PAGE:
Grazed and confused
Grazing is picking at food little by little so that you’re continually eating as opposed to eating only at mealtimes. Have you grazed and been confused for so long it’s not true? Alright, I admit it, it may be punny but it’s not very funny. The point I’m trying to make is that grazing on food can be confusing and here’s why.
50 shades of graze
When you graze, there are many questions you can ask yourself. For instance, are you eating because you’re actually hungry? Or because it’s expected? Because others insist that you do? Because there’s nothing else to do? Because it’s a holiday and there’s free food about? Or because you’ve been good all week so you feel like you can afford to “cheat?” These are just some of the reasons why people graze.
you’re eating throughout the day, then discerning if you’re eating
because you’re actually hungry can be difficult. You may not be able
to tell why you’re eating and may continue eating simply because
you’re eating. This can obviously work against you if you’re trying
to lose weight. While I think calories in/calories out is highly
oversimplified, it will matter if you overdo it.
Not so graze
For most people, eating meals at set times of the day is ideal. You get accustomed to how much food you need, you can plan around it, and there aren’t as many unknowns. In fact, there can be a fine line between grazing and disordered eating. Grazing tends to be prevalent in obesity and eating disorders, with some evidence showing that it’s associated with difficulty losing weight. Evidence also suggests that it could lead to binge eating as well since it is a similar behavior. Other disadvantages of grazing include: increased risk for the development of bacterial overgrowth, it may not be ideal for those prone to constipation, and it could negatively impact sleep if you graze too late at night.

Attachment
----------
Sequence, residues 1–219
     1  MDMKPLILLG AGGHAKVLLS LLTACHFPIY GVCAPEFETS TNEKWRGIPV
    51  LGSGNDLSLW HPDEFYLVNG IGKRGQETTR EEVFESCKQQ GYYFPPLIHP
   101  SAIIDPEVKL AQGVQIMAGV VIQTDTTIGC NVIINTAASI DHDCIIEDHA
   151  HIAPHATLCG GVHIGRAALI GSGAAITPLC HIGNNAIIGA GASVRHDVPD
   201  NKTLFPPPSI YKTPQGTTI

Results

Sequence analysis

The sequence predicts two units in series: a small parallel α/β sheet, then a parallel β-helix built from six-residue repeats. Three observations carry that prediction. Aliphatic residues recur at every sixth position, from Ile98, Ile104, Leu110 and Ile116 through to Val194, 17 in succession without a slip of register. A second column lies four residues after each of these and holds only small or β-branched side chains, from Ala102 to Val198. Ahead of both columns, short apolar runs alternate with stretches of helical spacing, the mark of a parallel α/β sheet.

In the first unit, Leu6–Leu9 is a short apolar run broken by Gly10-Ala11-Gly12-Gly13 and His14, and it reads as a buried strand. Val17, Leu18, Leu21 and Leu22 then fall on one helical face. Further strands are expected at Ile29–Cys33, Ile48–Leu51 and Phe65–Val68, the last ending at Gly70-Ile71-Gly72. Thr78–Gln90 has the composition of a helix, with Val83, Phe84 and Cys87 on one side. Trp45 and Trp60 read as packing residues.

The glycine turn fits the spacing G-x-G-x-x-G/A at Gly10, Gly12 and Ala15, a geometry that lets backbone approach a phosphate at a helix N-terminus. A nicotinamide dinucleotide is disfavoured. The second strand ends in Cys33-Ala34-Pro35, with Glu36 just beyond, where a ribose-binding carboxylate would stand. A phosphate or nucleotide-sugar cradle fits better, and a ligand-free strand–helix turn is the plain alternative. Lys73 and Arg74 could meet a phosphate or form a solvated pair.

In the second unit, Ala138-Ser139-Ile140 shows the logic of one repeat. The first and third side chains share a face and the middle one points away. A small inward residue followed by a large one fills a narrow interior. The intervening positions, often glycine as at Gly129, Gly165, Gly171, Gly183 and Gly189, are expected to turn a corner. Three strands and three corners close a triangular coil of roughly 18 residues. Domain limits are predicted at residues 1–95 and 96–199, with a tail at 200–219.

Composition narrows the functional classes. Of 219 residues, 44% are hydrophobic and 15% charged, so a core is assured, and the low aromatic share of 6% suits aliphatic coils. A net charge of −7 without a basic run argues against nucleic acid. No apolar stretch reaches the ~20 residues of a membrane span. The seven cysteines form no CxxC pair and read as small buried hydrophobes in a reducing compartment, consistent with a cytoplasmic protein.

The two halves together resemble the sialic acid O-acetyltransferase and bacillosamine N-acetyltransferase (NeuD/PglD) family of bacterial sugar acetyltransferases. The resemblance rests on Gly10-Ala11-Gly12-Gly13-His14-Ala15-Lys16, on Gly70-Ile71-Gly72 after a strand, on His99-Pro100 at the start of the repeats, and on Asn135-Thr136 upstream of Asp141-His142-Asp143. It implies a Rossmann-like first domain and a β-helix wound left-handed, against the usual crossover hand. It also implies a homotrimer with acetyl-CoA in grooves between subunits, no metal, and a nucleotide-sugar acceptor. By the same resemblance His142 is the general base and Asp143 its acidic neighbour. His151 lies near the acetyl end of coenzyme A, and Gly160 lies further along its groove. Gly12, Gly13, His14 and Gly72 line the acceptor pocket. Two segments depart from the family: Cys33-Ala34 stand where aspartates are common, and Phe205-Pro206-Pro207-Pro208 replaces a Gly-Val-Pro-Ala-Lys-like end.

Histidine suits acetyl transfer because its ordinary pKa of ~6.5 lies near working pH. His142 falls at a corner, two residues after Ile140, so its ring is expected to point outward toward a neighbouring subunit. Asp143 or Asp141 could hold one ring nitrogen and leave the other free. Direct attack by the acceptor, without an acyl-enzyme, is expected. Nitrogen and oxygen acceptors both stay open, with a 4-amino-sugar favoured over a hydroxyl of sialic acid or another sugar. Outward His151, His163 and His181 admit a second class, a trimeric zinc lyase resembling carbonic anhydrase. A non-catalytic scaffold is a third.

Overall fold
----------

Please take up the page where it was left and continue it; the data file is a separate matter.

So is grazing always an unhealthy behavior that should be avoided at all costs? Like most questions posed in nutrition, the short answer is “it depends.” Grazing can actually help to stabilize insulin levels in addition to decreasing indigestion, heartburn, etc. You might also be less likely to overeat if you’re not going more than a few hours between eating something. Additionally, some studies have shown that snacking is beneficial for weight loss. Grazing should always be done mindfully. Otherwise, it can become like the popular “see food diet.”
If you graze, then what are you grazing on? Cookies or vegetables? This is where food quality comes into play. Ideal foods to graze on are whole foods and not processed foods. These foods should ideally be fresh, organic, and able to be eaten in small quantities. A simple rule of thumb is to eat twice as often as you normally would, but eating half as much each time so that you’re ingesting the same amount of food each day. Otherwise, grazing becomes a way of taking in many more calories than you would have had you not grazed.
Given that most things aren’t simply black or white, different approaches may work for different people. If you’re unconscious about what you’re putting into your body, then having less contact points with food throughout the day is probably best. However, if you have more awareness around your eating habits and find that you feel better while grazing, then that approach might be more suited to you.
Since everyone is different, has grazing worked better for you or do you do better with a set amount of meals and/or consistent meal times?
Jack Grabon, MSACN, NBC-HWC, LCSW-R, CPC helps people overcome emotional eating to increase their energy, stamina, and improve their self-confidence, so they can lose weight and keep it off for good! He is a holistic nutritionist, health coach, psychotherapist and life coach all rolled up into one 😉 Book a free intuitive weight loss strategy session to see how he can help you today!
Erin shows overscheduled, overwhelmed women how to do less so that they can achieve more. Traditional productivity books—written by men—barely touch the tangle of cultural pressures that women feel when facing down a to-do list. How to Get Sh*t Done will teach you how to zero in on the three areas of your life where you want to excel, and then it will show you how to off-load, outsource, or just stop giving a damn about the rest.